Characterization and impact of extreme forecast errors on power systems

G. T. Heydt, Vijay Vittal, S. Malhara, Y. V. Makarov, N. Zhou, P. V. Etingov

Research output: Contribution to journalArticlepeer-review

3 Scopus citations


Extreme events in the electrical power system, caused by the load and wind forecasting errors, can impact the power system infrastructure via two main avenues. The first avenue is a sudden and significant power unbalance exceeding reasonable operating reserve capacity. The second is a sudden increase of power flows on the system critical paths causing transmission violations. The challenge in managing these system unbalances is more significant for a stand-alone balancing area operation. The consolidation of balancing authorities into a single balancing area can offset the operating reserve problem, but this strategy enhances incremental power flows on the transmission interfaces, potentially leading to more unpredictable transmission congestion. This article evaluates the expectation of occurrence of extreme events due to forecast error extremes using California Independent System Operator and Bonneville Power Administration data. Having this type of information, independent system operators and operating utilities could be better prepared to address the extreme events by exploring alternative reserve options, such as wide-area control coordination, new operating procedures, and remedial actions.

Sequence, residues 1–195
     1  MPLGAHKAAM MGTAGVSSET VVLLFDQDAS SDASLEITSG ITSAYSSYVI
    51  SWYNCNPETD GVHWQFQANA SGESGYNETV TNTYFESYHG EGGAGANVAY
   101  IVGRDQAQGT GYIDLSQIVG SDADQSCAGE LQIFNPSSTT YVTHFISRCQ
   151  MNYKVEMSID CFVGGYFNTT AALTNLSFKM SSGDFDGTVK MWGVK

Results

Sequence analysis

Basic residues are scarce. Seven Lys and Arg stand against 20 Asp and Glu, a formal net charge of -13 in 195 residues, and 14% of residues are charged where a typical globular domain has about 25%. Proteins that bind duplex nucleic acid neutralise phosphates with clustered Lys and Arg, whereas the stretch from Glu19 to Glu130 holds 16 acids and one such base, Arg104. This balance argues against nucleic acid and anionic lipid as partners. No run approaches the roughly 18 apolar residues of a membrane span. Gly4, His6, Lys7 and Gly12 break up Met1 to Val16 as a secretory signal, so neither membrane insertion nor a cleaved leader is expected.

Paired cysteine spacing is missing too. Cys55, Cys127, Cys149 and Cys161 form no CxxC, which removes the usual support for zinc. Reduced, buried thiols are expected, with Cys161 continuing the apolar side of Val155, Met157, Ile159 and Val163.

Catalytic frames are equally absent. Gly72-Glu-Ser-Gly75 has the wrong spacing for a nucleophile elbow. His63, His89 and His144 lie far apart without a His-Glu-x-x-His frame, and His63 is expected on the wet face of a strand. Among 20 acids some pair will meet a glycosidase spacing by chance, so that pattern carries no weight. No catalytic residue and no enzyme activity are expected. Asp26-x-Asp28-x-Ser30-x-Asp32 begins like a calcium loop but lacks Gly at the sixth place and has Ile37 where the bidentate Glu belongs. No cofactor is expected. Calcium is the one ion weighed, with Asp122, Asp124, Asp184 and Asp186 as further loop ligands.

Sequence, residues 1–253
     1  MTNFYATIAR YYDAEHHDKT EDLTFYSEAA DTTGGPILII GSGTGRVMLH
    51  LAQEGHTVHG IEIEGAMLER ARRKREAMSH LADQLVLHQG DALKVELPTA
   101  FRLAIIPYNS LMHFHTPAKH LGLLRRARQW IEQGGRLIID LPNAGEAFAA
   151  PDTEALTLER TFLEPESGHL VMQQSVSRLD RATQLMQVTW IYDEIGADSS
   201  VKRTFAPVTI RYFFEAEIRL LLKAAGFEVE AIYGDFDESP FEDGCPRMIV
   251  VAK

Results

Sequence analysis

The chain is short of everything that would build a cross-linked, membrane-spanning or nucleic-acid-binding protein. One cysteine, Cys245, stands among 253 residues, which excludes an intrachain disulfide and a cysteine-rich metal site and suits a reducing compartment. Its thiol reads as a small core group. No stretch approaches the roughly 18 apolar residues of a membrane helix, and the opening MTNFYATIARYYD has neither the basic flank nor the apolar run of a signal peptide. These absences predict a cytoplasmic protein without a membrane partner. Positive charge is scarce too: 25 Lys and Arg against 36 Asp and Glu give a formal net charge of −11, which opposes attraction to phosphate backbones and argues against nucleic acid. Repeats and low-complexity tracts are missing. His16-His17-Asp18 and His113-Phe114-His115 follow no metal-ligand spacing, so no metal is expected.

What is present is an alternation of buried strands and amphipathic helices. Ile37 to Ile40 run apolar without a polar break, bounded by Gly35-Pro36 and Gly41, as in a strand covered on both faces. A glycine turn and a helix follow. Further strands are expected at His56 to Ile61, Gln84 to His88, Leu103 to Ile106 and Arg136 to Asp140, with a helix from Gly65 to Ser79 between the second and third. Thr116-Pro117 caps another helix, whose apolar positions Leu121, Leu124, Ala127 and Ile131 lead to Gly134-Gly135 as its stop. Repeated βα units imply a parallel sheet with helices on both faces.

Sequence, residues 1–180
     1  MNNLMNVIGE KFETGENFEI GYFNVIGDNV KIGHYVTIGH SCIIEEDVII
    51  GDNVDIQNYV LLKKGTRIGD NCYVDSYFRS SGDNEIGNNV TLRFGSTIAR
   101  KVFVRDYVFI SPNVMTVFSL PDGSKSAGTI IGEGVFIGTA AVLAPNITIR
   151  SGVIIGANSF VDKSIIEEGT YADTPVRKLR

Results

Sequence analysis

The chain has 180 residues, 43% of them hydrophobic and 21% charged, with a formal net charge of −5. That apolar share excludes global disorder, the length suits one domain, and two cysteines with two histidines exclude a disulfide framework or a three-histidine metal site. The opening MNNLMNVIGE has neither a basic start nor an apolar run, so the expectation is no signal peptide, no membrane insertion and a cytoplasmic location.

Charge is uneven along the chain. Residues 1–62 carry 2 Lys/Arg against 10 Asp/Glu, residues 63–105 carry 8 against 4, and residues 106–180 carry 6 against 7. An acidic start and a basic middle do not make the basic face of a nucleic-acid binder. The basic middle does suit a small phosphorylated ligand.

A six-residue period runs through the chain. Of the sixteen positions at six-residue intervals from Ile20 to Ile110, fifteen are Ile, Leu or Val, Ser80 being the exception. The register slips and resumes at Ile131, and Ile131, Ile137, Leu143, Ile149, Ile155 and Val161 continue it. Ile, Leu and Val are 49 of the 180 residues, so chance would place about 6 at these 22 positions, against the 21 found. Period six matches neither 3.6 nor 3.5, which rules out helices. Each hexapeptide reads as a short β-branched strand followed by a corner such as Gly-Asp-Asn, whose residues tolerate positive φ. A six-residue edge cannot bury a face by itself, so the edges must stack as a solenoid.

Original languageEnglish (US)
Pages (from-to)1685-1700
Number of pages16
JournalElectric Power Components and Systems
Issue number15
StatePublished - Oct 28 2011


  • forecast error
  • generation reserve
  • renewable generation
  • wind energy
  • wind forecast

ASJC Scopus subject areas

  • Energy Engineering and Power Technology
  • Mechanical Engineering
  • Electrical and Electronic Engineering


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